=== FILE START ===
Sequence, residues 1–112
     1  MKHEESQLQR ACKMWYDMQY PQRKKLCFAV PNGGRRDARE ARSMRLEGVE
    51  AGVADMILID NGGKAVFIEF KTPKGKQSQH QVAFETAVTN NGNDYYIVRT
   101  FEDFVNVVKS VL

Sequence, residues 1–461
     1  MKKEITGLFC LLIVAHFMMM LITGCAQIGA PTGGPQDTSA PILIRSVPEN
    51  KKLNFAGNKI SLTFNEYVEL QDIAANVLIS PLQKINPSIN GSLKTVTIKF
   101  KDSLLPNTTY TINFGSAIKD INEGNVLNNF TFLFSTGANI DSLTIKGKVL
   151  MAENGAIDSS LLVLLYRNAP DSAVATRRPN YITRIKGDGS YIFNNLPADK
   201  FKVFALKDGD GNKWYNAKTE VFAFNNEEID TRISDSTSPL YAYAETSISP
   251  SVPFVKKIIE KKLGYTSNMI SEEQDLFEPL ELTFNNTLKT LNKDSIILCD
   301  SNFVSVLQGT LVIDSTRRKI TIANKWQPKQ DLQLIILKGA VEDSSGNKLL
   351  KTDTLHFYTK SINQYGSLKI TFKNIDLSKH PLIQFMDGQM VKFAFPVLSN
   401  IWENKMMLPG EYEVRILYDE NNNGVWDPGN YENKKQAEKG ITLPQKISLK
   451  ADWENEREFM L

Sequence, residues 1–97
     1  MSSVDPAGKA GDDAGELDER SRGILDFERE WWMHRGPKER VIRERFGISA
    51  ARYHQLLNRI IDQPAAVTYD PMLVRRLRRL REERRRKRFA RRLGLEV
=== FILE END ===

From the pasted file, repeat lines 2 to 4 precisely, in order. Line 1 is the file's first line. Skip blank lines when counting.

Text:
     1  MKHEESQLQR ACKMWYDMQY PQRKKLCFAV PNGGRRDARE ARSMRLEGVE
    51  AGVADMILID NGGKAVFIEF KTPKGKQSQH QVAFETAVTN NGNDYYIVRT
   101  FEDFVNVVKS VL